Labo Neurosciences

Commotion cérébrale d'origine sportive

Il est maintenant bien connu qu'une commotion cérébrale chez l'adulte cause des perturbations cognitives importantes qui peuvent persister jusqu'à deux ans après l'incident. Cependant, même si l'incidence d'une commotion cérébrale est aussi élevée chez l'enfant que chez l'adulte, nos connaissances des séquelles cognitives et sensorielles chez l'enfant commotionné sont très limitées. Les objectifs de ce volet de recherche sont les suivants : 1) déterminer la nature des déficits neuropsychologiques causés par une commotion durant le développement ; 2) identifier les dysfonctions neurophysiologiques associées ; 3) déterminer s'il y a une relation entre l'âge auquel la commotion est survenue et la gravité des déficits ; 4) identifier les mécanismes de récupération et les limites de la plasticité des différentes habiletés cognitives et sensorielles en fonction de l'âge ; et 5) développer en dernier lieu un outil diagnostique pour les enfants commotionnés qui tiendra compte de l'âge auquel l'accident est survenu. Cet axe de recherche vise également à identifier les conséquences des commotions cérébrales sur les plans neurophysiologique et neurochimique et à déterminer si les séquelles des commotions cérébrales diffèrent entre les hommes et les femmes.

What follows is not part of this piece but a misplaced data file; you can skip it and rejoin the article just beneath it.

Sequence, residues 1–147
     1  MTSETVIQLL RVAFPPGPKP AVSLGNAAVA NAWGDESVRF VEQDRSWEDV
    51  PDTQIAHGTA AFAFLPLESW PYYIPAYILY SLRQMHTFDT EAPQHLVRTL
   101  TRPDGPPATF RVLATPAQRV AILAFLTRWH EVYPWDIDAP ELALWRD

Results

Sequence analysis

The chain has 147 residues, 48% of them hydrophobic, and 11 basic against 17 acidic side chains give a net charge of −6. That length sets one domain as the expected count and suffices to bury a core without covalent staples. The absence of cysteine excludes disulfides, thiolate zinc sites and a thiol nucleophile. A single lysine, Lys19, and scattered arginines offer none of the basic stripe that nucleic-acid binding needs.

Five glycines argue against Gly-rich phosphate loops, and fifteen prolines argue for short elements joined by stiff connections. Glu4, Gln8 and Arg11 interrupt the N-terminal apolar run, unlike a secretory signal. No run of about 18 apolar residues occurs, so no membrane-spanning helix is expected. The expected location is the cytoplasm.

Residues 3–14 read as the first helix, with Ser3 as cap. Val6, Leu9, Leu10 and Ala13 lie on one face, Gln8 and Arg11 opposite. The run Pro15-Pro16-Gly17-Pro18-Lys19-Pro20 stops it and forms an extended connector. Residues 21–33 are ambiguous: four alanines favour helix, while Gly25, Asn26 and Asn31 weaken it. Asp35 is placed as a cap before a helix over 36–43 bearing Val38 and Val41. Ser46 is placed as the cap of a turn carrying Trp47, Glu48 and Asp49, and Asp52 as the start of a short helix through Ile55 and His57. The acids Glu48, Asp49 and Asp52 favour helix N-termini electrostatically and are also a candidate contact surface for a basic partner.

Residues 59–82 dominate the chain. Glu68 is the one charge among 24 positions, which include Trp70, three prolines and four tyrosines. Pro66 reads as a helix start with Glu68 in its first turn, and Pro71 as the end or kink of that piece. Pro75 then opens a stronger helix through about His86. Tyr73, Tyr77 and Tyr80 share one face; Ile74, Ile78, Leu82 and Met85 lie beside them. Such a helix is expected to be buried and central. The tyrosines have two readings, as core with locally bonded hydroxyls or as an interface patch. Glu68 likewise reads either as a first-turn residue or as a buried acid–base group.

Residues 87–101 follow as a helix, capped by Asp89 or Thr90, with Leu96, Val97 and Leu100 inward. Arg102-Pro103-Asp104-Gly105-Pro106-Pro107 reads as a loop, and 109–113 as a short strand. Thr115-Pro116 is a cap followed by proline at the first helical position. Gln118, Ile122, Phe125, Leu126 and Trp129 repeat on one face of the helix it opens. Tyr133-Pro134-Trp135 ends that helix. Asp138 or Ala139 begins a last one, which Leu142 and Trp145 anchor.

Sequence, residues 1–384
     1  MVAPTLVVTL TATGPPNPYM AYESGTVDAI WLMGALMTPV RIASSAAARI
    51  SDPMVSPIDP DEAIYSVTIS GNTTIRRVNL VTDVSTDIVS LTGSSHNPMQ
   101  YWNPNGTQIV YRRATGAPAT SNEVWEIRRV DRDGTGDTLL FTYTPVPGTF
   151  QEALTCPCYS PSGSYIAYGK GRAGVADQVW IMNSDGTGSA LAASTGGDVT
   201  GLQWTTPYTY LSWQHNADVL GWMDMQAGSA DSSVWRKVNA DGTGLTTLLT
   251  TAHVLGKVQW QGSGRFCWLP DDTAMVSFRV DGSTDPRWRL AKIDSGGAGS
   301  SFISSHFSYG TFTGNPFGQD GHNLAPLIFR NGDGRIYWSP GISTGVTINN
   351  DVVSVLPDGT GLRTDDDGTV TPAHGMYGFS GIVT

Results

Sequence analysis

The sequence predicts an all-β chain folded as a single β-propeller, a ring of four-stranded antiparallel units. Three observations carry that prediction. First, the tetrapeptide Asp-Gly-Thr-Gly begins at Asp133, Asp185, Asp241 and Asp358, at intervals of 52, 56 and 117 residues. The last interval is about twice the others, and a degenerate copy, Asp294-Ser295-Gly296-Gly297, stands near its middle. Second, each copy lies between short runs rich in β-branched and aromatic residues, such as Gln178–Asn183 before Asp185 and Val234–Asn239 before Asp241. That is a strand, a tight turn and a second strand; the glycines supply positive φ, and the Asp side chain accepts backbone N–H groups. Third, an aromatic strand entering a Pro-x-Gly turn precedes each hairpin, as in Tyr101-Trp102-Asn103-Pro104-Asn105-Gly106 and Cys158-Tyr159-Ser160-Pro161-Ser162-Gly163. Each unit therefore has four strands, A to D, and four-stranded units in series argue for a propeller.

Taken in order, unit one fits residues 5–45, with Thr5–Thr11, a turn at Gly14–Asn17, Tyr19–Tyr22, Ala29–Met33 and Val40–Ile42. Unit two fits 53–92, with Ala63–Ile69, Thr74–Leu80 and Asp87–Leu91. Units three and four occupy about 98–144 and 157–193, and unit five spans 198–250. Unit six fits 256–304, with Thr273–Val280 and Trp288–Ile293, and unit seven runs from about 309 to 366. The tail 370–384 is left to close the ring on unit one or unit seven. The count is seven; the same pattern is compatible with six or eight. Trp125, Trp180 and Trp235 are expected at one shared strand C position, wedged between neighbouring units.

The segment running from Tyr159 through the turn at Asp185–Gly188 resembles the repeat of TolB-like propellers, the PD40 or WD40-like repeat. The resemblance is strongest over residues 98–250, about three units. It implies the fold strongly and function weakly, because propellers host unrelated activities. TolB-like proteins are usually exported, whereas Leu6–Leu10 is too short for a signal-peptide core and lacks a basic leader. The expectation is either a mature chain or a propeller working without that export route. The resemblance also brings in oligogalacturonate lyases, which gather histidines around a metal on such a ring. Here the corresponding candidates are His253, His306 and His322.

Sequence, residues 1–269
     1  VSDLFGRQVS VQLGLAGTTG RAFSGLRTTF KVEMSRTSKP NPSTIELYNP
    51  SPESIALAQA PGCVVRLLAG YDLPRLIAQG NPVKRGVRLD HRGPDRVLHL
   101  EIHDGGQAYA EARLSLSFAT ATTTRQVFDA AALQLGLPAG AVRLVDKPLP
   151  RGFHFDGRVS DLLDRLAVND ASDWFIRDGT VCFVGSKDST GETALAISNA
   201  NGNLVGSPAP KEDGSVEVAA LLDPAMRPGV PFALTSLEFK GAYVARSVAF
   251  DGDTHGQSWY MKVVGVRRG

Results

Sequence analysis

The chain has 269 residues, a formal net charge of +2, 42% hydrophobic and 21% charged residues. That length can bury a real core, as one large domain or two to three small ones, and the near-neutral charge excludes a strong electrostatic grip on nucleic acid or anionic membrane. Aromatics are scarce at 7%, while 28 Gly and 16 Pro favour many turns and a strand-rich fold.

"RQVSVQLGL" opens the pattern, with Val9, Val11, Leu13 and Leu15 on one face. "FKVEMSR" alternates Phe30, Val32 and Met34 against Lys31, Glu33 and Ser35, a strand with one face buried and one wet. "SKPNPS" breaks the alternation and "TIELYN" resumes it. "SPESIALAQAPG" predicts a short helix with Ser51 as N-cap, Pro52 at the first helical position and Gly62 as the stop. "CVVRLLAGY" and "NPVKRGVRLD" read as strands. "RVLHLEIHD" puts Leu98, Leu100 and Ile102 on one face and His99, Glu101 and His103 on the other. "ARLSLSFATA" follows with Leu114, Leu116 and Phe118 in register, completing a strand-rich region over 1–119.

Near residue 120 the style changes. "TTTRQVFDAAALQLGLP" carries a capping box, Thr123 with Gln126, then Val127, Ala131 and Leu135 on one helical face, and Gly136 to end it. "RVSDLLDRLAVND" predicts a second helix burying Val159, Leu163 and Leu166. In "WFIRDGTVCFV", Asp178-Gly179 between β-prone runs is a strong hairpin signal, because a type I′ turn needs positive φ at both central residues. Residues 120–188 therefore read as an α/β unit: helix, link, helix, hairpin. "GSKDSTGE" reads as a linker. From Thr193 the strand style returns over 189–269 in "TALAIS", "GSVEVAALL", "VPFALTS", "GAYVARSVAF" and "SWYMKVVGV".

Projets récents :

Neuropsychological and neurophysiological deficits following a sport-related concussion in children and adolescents